Wine has an ancient and rich history in the Middle East and North Africa. Throughout the Levant region, wine culture has long been an integral part of society. It is believed wine was transported from ancient Lebanon to Egypt during the time of the Old Kingdom. Quickly, wine caught on as an important part of ceremonial life in the historic empire.
Today, the MENA wine industry gets little international attention compared to powerhouse countries like France and Italy, however, the wine tradition continues to thrive. Regional wines are served at Michelin star restaurants around the world and from Morocco to Syria, residents continue to enjoy opening a bottle of their local favorites.
Here’s a look at wine in the Middle East and North Africa.
Although several established wineries continued production throughout the Lebanese civil war (1975-1990), the industry began to expand following the end of the conflict. Today, more than 30 wineries operate throughout the country, some large and some small. Lebanese wine producers generally prefer growing French grapes such as Cabernet Sauvignon and Merlot.
Although Lebanon is home to many wineries, some small family business and others large scale international operations, Chateau Musar stands out with its high quality and international reputation. Established in 1930 by Gaston Hochar, the chateau maintained its winemaking throughout the country’s 15-year civil war leading to the nomination of Gaston Hochar’s son, Serge Hochar, as Man of the Year by Decanter magazine.
Wine production in Syria has remained very locally focused in recent decades. The area near Latakia is a particular hotspot for viticulture. With the ongoing civil war, production has suffered. Today, the recently established Chateau Bargylus has become the main commercial distributor of wine, especially internationally, using Cabernet Sauvignon, Syrah and Merlot grapes for its red wines, and Chardonnay and Sauvignon blanc grapes for its white wines.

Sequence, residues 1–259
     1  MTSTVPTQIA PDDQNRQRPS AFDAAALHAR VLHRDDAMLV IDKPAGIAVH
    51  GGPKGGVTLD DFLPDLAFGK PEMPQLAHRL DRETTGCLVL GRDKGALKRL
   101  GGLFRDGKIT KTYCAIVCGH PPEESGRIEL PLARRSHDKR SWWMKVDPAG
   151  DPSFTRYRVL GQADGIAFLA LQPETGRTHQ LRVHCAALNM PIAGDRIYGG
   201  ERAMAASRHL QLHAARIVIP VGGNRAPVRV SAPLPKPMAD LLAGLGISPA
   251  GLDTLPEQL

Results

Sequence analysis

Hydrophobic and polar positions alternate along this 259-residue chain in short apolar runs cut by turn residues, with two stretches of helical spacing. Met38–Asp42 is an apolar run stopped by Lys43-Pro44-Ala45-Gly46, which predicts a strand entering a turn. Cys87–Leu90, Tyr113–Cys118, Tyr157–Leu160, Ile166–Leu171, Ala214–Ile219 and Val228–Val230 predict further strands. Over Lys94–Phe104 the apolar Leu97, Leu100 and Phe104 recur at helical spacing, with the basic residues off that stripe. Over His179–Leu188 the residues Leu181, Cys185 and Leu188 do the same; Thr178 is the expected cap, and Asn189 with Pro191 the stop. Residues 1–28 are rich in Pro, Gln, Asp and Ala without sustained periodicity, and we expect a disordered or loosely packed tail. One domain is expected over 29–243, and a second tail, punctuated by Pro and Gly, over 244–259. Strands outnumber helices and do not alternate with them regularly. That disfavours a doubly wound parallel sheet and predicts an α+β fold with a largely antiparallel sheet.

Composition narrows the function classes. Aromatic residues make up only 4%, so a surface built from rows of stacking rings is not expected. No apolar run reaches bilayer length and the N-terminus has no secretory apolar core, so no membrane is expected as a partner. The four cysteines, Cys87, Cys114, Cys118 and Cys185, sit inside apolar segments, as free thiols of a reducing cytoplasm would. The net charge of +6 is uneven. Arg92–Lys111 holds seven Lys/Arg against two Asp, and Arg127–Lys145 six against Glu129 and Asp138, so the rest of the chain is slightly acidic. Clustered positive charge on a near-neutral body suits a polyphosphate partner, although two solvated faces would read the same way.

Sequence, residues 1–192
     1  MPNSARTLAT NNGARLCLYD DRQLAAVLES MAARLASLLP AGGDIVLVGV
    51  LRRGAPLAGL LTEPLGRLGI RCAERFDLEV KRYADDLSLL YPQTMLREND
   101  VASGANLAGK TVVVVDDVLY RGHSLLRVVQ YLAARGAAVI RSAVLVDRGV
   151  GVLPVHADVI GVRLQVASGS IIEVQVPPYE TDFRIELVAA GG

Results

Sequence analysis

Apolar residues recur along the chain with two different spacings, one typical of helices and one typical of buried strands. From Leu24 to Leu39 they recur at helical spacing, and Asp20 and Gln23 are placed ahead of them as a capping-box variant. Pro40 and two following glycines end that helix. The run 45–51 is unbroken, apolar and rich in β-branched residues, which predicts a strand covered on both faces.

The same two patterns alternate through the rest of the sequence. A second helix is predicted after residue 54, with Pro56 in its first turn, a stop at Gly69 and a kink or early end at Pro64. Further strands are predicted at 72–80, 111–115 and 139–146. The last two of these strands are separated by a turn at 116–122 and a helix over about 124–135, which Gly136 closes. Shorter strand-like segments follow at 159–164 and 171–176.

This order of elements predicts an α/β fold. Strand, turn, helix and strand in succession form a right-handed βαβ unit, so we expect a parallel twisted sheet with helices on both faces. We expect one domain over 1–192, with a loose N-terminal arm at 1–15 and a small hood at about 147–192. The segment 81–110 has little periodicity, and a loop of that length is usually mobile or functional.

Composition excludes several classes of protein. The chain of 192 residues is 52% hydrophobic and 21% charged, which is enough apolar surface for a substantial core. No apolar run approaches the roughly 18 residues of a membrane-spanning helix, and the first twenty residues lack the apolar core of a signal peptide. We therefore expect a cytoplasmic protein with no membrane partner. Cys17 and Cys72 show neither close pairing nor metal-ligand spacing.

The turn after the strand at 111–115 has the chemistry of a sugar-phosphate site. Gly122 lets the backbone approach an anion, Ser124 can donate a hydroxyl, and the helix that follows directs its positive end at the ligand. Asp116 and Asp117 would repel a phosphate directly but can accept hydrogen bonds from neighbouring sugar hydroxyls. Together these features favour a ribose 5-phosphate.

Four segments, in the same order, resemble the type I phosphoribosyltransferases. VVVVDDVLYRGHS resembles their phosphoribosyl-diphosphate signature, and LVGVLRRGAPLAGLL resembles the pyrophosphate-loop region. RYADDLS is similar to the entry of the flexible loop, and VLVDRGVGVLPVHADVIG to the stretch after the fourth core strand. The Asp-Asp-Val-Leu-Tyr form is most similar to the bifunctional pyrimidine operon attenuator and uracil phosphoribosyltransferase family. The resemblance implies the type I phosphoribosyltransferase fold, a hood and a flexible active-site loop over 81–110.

Building on the ancient wine tradition of the region, the Saadé family planted its vineyard in 2003. Quickly the chateau built an international reputation with bottles available in Michelin-starred restaurants by Gordon Ramsay, Heston Blumenthal and Joel Robuchon. Production has continued despite the country’s civil war.
Tunisia is noted for its rosé, which constitutes the majority of the country’s wine production. Since 2002, a large investment has been made to improve the overall wine industry in the country. Germany and France are the main markets for Tunisian wine, however the wine is exported to Switzerland, Belgium, Canada, the United States, Eastern Europe and Russia as well.
Les Vignerons de Carthage
Since 1948, Tunisian winemakers came together to form a union to consolidate wine production. This organization became Les Vignerons de Carthage, which produces and exports Tunisian wine. Winning numerous awards and medals, Les Vignerons de Carthage has worked to put Tunisian wine on the gastronomic map.